"We like to tell the rest of the world that we did it better, that we were stronger, that we had larger cities, that we taught them science," he says incisively. "This exhibition is an antidote to insularity -- it is saying we have learnt as much from the world as we have given it."
"You really need to see Naman work a gallery full of objects," a friend of his told me. But it proves hard to drag Ahuja, flying off to lecture at a London college, to the National Museum.
And it seems almost unneccesary when he conjures up his selection -- from classical antiquities to digital art -- at our lunch-table.
A demanding conversationalist despite his easygoing I'll-take-any-question-manner, he pushes me to rethink India and the World.
"It is as much about engaging with difference," he says, and actually breaks into a comic skit to show why the so-called dancing girl of Mohenjo Daro and a Sumerian woman, displayed side by side, are "not same to same".
About the only time Ahuja seems at a loss is when he asks, after cursorily scanning the menu, "What are you eating?"
He opts for my beetroot salad, which turns out to be very pretty and even tastes good, but prefers a pizza-like 'flatbread' for his main course over my allegedly Polish dumplings.
When I ask Ahuja if he reads for pleasure, he complains that almost everything reminds him of "work", which sounds plausible when you hear him describing a mid-19th century photograph as "an early example of fake news".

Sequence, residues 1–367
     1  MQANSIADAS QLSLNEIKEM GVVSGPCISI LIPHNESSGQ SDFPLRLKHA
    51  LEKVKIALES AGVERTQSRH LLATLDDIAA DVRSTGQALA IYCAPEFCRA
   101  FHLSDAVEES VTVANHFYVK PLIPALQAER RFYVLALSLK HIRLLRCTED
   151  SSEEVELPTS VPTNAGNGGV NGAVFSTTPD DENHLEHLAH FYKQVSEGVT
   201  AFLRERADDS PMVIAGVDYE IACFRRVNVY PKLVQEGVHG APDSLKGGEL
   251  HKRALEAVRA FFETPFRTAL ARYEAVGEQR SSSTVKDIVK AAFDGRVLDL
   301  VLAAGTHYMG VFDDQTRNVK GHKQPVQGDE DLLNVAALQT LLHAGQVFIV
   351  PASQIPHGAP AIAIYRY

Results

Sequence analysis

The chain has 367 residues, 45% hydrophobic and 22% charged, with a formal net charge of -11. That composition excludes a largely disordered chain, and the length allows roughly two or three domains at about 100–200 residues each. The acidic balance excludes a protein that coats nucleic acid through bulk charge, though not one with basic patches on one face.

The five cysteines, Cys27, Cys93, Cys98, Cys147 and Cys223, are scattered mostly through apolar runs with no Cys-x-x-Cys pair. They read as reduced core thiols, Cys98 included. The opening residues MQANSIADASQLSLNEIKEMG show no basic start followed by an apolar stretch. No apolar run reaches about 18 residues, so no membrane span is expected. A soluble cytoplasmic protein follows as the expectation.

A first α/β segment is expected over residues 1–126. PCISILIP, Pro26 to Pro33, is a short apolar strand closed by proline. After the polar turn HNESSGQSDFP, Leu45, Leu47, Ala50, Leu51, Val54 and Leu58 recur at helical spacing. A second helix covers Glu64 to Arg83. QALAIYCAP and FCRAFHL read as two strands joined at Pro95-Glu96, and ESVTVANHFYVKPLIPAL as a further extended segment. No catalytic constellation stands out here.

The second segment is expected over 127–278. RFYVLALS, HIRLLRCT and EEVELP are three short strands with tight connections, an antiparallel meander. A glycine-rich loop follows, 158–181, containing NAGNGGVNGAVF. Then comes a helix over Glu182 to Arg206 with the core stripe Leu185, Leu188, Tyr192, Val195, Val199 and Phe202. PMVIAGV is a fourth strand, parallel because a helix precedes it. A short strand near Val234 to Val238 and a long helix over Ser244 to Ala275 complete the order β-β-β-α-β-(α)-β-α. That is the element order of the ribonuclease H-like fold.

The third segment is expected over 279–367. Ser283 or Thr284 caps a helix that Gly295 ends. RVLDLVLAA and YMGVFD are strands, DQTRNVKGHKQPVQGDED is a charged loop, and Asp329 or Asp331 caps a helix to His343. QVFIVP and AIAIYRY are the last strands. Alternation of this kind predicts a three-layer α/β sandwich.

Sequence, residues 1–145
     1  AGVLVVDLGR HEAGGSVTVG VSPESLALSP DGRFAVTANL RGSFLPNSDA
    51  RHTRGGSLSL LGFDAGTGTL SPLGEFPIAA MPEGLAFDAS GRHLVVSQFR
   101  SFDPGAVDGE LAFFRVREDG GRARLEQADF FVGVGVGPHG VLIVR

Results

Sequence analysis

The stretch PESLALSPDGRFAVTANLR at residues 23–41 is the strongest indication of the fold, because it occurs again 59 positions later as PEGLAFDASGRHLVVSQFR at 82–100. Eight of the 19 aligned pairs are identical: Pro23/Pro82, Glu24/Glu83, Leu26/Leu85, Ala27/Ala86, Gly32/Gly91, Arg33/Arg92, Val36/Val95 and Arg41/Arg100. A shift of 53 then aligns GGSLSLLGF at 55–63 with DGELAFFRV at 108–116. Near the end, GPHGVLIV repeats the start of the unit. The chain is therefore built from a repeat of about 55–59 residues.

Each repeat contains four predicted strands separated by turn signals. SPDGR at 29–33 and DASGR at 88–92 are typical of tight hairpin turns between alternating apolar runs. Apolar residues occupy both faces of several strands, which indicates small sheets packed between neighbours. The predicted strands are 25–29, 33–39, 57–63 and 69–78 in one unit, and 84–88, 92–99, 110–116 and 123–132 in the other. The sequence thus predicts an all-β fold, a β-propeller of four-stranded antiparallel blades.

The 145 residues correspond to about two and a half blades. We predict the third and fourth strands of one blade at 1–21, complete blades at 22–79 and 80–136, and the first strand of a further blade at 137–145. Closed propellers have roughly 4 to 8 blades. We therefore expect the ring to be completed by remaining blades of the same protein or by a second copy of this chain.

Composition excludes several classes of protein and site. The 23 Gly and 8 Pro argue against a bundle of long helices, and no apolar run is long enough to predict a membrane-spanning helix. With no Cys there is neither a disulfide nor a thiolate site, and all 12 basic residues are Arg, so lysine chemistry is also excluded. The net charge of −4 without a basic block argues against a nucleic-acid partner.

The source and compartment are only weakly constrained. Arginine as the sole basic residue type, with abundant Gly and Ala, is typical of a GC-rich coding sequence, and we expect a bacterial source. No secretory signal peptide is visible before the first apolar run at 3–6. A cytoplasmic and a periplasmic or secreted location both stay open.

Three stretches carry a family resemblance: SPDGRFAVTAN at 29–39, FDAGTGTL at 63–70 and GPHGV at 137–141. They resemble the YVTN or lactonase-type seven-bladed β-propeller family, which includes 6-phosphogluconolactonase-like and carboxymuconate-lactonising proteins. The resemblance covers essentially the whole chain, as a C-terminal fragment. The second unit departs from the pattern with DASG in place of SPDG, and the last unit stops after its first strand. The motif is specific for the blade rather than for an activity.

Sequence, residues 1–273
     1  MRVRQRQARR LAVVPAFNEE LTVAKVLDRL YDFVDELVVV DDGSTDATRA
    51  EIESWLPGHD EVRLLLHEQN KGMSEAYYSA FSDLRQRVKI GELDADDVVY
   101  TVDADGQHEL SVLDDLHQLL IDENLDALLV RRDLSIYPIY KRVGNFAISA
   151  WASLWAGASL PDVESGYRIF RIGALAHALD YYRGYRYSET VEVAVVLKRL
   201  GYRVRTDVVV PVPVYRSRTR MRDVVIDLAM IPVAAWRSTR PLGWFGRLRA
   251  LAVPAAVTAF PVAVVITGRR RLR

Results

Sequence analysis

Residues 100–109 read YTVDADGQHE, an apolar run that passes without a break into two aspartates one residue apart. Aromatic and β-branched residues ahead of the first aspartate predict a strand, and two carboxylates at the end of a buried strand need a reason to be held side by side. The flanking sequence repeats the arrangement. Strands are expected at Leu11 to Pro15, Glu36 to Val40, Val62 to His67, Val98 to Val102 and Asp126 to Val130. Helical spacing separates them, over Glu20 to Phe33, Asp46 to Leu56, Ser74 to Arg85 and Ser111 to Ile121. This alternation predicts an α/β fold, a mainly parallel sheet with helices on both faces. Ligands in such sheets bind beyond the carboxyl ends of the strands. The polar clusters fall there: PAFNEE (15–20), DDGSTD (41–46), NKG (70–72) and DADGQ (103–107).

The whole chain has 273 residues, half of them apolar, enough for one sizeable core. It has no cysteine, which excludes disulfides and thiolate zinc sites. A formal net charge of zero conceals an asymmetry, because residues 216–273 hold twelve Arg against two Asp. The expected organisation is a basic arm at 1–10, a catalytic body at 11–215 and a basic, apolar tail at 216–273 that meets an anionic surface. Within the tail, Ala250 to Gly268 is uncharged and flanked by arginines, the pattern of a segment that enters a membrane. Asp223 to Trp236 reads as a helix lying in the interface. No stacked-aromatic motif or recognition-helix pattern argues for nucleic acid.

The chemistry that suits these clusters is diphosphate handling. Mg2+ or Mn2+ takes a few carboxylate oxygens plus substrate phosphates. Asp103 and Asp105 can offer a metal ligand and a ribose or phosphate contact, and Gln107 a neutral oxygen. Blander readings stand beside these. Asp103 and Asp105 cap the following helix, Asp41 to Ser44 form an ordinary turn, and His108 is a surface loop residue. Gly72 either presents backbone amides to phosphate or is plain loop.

His big escape is detective fiction and, disarmingly, middle-brow Agatha Christie over fashionable Scandinavian crime writers.
He seems quite the sleuth himself, a Poirot if you like, without the moustaches, digging out pieces of "staggering, staggering quality" from provincial museums and dusty godowns.
"I've been roaming the country for years now with my camera and kit-bag," he explains, "and I have a huge photographic archive."
He begins telling me a story about a stone fragment his assistant and he noticed lying near the Qutub Minar, not far from where we are lunching.
"We got an appointment with the ASI (Archaelogical Survey of India), went back into the brambles, and got it hosed down."
I almost spill my coffee when I hear the punchline: This fragment, with its beautiful Persian inscription, now sits behind glass at the National Museum, part of the exhibition.
He is outraged at the neglect and lethargy around him yet thrilled to be working in India where ancient objects are still being dug up and there are great discoveries to be made.
"It's like being Alice going down the rabbit hole everyday," he says. "In most places, the fact finding is done. You dip into catalogues and pull a show together, saying, 'I'll have that Rembrandt and that Van Gogh."
Ahuja declines dessert, but is easily persuaded to change his mind.
Our petrified waiter, clearly out of place amid the café's artsy crowd, struggles to explain why the kitchen won't divide up our apple pie and serve it in two plates. "Don't worry, just bring me a knife," says Ahuja, with the air of a man cutting through brambles.
"I deal with this in the classroom everyday," he says, explaining that many of his students at JNU (whose model of inclusiveness he defends passionately) are not "babalog.".
"Can you imagine what it's like for them viewing paintings for their assignments at art events at posh hotels where champagne cocktails are served? You have to make them feel they have a right to be there and not come out in tears."
Do they drink the champagne cocktails? "I certainly hope so," Ahuja says with a big grin, loving the question.